EVOLVE NUTRITION Foundation WEEK 7:
Welcome to week 7 of the EVOLVE Nutrition Foundation Program! There was a lot of knowledge dropped last week, and so this week will have some new information but also be a bit of a recap and chance for you to hone in all of the habits that we’ve been focused on.
Check out this week's video for a summary of some of our major nutrition habits over the past few weeks. How have you been doing? Are you struggling with any of them in particular? Take a moment to reflect, and then let us know!
Our new focus for this week is protein. As we discussed wayyyyyyyy back in Week 4 (practically a lifetime ago), protein is a macronutrient that is made up of chains of amino acids joined by peptide bonds. There are 20 different amino acids, and different combinations of amino acids result in different proteins. Of these, 9 are called essential amino acids, meaning that they must be obtained through our food as our body cannot create them from other raw materials. The other 11, while still important, are technically labelled non-essential amino acids because our body can actually synthesize them from other compounds. Pretty cool. There are also conditionally essential amino acids, which can be made by the body under the right circumstances, but that if we are stressed or training hard, the body may not be able to produce enough on its own. As such, we always do better when we give our body plenty to work with, and we should strive to eat a variety of different proteins and amino acids.
What exactly does protein do?
As a macronutrient, proteins are essential for our muscle structure, cellular repair, metabolism, hormones, enzymes, and immunity. After we eat whole proteins, our body breaks them down into their component amino acids, which then circulate in our blood stream, ready to be put to use. These amino acids are often a central component to key molecules in the body such as enzymes, neurotransmitters, immune cells, cell walls, and more. Protein also helps us to feel full and satiated after a meal.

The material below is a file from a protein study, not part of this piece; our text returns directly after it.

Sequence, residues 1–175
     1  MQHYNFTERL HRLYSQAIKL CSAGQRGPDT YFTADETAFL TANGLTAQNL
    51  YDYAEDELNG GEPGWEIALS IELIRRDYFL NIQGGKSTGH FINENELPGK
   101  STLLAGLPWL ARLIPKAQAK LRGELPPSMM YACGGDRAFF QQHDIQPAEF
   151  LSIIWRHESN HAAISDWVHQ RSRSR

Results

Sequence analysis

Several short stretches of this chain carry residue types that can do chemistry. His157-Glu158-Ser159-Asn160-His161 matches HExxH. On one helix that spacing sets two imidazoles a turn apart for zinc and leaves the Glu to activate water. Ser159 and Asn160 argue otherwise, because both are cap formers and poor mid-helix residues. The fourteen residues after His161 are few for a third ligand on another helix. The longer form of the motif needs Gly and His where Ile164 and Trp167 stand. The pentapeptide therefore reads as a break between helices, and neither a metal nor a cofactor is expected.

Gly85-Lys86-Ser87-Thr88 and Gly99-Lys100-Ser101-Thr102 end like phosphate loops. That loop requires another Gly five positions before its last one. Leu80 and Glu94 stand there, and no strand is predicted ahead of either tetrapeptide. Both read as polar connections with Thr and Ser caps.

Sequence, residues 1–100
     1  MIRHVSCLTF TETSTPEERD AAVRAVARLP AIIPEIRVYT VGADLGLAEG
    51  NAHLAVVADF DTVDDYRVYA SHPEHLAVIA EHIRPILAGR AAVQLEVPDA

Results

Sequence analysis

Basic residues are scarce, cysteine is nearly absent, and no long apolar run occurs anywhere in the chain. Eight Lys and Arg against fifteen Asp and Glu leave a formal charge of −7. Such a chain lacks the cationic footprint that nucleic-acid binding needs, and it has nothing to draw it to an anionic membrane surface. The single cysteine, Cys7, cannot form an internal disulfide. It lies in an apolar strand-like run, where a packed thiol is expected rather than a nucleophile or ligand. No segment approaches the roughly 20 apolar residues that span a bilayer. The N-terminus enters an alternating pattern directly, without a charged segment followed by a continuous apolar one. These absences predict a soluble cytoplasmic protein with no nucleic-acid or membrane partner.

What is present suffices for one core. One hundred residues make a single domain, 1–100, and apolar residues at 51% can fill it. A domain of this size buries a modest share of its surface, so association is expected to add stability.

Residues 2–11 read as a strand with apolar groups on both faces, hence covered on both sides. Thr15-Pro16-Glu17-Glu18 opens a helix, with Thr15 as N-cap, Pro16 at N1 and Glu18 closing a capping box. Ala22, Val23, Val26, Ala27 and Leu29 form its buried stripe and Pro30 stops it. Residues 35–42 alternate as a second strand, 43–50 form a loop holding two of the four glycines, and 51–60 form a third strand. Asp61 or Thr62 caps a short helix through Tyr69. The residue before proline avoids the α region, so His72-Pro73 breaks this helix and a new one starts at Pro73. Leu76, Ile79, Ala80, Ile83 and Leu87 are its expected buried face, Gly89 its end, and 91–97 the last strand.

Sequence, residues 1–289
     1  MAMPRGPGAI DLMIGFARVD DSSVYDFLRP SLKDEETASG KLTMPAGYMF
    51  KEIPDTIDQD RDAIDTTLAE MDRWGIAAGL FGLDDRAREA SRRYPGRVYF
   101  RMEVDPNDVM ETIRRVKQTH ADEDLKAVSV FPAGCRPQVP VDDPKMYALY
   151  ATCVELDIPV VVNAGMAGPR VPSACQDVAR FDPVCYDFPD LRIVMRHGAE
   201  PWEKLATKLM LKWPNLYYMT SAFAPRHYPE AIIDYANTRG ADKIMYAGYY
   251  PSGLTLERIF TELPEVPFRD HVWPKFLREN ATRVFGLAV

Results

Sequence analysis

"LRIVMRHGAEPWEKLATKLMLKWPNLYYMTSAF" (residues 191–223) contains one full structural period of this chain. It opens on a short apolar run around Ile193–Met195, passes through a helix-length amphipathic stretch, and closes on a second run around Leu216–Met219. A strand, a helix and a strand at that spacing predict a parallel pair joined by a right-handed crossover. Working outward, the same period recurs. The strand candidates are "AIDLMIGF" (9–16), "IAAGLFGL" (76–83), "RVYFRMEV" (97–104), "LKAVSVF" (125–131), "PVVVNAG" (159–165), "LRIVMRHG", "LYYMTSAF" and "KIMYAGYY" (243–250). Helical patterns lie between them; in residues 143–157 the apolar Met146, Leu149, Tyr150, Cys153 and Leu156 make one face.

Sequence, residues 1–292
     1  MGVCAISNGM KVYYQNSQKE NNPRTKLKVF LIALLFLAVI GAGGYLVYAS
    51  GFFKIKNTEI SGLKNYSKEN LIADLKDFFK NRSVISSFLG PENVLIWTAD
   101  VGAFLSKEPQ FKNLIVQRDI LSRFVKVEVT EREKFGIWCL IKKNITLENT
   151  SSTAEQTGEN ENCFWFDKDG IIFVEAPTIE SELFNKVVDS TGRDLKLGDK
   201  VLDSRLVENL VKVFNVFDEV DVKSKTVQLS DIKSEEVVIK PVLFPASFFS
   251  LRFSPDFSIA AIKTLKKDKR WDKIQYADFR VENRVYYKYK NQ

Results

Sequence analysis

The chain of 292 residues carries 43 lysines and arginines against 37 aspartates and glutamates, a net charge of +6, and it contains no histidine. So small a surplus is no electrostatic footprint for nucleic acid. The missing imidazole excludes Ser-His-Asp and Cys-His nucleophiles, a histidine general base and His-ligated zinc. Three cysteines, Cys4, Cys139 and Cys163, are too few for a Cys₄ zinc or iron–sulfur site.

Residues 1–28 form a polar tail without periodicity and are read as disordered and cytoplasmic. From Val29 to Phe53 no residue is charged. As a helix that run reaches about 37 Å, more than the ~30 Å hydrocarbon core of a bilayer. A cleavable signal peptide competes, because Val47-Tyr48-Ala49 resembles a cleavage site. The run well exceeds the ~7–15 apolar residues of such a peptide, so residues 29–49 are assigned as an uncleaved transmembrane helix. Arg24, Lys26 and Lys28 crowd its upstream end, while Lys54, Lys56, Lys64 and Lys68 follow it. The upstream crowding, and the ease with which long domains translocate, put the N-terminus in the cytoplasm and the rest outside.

The minimum amount of protein that you need per day to support life is 0.8 grams per kilogram of bodyweight. But for most of us that is not enough. We don’t want to just sustain life, we want to thrive. If you are physical active (as the EVOLVE community is), young, old, under stress, sick, or otherwise placing an load on your system, you have an increased need for protein to help your system recover and repair itself. Without enough protein, you can start to develop overuse injuries, chronic colds, lengthened workout recovery times, a slower metabolism, decreased lean body mass, poor workout performance, among other issues. Imagine trying to repair an old house without being able to make a dozen trips to Home Depot for tools and supplies. You might have to make compromises, or take from one area of the house to repair another. It’s similar in your body without enough protein. Small, nagging issues may start to pop up, and then stick around as your body struggles to recover.
While for most people protein is not a “nutritional bad guy” in the way that carbs or fat often are, we find that protein can be the most difficult building block to obtain. Protein involves planning and preparation. It is easy to walk into a gas station and grab some chips (carbs + fat), or even a piece of fruit and some nuts, but you will have to search harder for lean protein sources.
Some examples of good sources of protein include:
Lean meat and poultry (beef, pork, chicken, venison, elk, buffalo, etc.)
Beans and lentils (legumes)
Nuts and seeds
How much protein do I need?
Use this formula to calculate the amount of grams of protein you need for your body size:
1.2 - 1.5 grams of protein per kilogram of bodyweight
You can convert your bodyweight from pounds to kilograms by dividing by 2.2.
Here's a quick example: If I weight 135 pounds, I will need:
- (135lbs / 2.2) x 1.2 = 74 grams (lower target)
- (135lbs / 2.2) x 1.5 = 92 grams (upper target)
Consider the protein content of some of the common portion sizes shown in the diagram. Depending on your current eating patterns, the amount of protein that you need may seem like a lot!